galeforce likes this.
  10. bjholmem

    bjholmem Nico Claesen

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    Arsenal use Puma. Hardly a major club these days.
     
  11. nayimfromthehalfwayline

    nayimfromthehalfwayline Tom Huddlestone

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  12. jts1882

    jts1882 Chris Armstrong

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    That's not impossible, but the per capita purchases would be remarkable.

    The reason I asked about Puma is that the others fit rather simple pattern, one that wouldn't fool Baldrick. There is a simple reason why they have lucrative sponsorship deals with Etihad Airways, Etisalat, Visit Abu Dhabi, and Aabar. It's much harder to dismiss Puma as legitimate.

    Source: Emirates Marketing Project deserve European ban if guilty
     
  13. nelto

    nelto Ronnie Rosenthal

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    Need to register, but here's the article, someone posted it on FB:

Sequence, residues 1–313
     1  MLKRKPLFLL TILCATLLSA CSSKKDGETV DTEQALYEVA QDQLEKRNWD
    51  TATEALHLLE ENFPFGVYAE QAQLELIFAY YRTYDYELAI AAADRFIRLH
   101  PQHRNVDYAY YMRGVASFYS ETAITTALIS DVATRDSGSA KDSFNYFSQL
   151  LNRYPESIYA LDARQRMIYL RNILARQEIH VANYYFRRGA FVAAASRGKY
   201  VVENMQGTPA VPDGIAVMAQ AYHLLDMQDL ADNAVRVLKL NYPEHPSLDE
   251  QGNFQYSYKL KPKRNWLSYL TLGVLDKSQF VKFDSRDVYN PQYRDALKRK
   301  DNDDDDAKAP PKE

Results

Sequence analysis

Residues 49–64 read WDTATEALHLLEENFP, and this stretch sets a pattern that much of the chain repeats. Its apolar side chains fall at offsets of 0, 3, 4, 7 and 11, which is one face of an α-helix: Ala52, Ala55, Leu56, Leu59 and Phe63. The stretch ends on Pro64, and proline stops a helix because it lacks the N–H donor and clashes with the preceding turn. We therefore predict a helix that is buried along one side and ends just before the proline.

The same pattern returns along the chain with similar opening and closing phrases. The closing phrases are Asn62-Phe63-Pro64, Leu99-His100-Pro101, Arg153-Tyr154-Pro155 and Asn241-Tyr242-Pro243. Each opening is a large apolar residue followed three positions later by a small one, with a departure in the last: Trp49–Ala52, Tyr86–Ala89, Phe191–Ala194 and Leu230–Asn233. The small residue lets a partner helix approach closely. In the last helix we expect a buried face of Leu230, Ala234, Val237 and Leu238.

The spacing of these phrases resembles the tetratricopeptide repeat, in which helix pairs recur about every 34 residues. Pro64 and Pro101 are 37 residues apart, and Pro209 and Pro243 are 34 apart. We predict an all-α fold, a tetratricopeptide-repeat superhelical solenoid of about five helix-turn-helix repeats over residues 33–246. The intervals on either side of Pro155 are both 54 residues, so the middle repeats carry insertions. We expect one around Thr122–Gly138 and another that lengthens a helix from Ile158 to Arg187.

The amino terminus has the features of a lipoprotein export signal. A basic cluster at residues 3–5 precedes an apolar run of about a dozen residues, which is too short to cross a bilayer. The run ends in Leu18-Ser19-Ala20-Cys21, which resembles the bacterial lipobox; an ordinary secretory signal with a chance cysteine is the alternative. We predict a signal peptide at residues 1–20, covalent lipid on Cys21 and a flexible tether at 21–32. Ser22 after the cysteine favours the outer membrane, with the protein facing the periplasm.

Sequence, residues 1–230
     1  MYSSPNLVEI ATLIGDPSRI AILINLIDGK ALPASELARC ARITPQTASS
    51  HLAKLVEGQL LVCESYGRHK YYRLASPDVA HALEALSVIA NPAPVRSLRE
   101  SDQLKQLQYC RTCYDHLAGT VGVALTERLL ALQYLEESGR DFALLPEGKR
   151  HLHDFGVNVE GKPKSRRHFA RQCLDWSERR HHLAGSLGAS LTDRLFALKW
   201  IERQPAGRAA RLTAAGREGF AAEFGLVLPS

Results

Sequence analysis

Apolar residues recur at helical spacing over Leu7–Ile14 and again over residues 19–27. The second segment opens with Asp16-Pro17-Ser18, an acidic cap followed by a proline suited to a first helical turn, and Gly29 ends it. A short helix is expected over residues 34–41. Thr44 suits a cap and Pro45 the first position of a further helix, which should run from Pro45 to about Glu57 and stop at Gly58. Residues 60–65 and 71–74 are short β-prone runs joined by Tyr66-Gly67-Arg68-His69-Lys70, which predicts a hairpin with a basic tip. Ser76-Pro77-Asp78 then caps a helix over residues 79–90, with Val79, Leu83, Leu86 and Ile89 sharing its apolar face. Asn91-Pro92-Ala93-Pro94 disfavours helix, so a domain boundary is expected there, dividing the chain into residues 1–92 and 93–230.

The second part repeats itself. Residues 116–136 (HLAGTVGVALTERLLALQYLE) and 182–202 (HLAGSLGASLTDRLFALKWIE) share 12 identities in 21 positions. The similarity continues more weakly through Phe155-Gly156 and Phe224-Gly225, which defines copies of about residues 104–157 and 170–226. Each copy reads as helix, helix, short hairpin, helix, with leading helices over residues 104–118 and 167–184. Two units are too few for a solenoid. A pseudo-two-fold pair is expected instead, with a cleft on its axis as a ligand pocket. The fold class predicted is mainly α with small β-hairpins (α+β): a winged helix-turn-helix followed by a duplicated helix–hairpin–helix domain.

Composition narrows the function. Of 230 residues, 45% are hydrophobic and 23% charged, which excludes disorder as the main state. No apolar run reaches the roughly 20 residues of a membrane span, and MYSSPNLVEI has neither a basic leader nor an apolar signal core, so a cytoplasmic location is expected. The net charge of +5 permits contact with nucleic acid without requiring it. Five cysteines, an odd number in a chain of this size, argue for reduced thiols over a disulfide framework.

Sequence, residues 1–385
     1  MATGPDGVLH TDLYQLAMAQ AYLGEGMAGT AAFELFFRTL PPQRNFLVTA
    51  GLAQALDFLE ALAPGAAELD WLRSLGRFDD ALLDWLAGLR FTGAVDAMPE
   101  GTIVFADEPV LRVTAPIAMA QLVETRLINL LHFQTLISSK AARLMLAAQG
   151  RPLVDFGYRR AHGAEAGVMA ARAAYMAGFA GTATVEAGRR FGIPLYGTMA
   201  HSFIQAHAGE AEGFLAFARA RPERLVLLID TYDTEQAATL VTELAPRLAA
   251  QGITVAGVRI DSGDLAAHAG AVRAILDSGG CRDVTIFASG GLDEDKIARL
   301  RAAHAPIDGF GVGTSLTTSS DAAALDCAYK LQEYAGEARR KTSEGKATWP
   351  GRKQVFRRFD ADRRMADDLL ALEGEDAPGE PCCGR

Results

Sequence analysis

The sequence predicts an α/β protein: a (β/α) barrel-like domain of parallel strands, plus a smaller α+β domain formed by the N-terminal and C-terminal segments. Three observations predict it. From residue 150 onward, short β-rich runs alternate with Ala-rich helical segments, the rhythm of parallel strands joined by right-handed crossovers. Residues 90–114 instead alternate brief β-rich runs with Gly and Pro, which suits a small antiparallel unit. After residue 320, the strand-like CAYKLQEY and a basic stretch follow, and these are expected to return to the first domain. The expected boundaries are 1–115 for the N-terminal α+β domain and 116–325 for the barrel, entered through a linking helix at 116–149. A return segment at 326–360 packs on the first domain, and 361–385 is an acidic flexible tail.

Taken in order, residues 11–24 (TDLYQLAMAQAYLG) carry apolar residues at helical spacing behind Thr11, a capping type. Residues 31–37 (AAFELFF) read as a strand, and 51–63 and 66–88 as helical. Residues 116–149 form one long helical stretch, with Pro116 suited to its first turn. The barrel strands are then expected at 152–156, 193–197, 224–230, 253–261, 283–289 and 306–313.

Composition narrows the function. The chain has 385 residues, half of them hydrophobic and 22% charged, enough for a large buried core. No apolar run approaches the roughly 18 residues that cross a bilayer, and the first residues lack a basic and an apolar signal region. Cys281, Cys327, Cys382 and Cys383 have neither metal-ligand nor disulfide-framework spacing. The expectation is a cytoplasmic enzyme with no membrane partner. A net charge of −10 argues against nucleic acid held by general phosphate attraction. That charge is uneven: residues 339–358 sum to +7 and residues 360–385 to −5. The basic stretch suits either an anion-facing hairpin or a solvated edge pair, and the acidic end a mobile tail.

Matthew Syed in the Times

    I would love to meet the staff in Emirates Marketing Project’s sponsorship department. They must be geniuses down there. They have taken a relatively small club in global terms, with a smallish fanbase, and turned them into a commercial powerhouse with no precedent in organised sport.
    Companies that have had no association whatever with football, and for whom the commercial upsides are quite obscure (at least to me) have been falling over themselves to sign deals with the club. “To talk well and eloquently is a very great art,” Mozart once said. Well, the guys at the sponsorship office must be positively Shakespearean.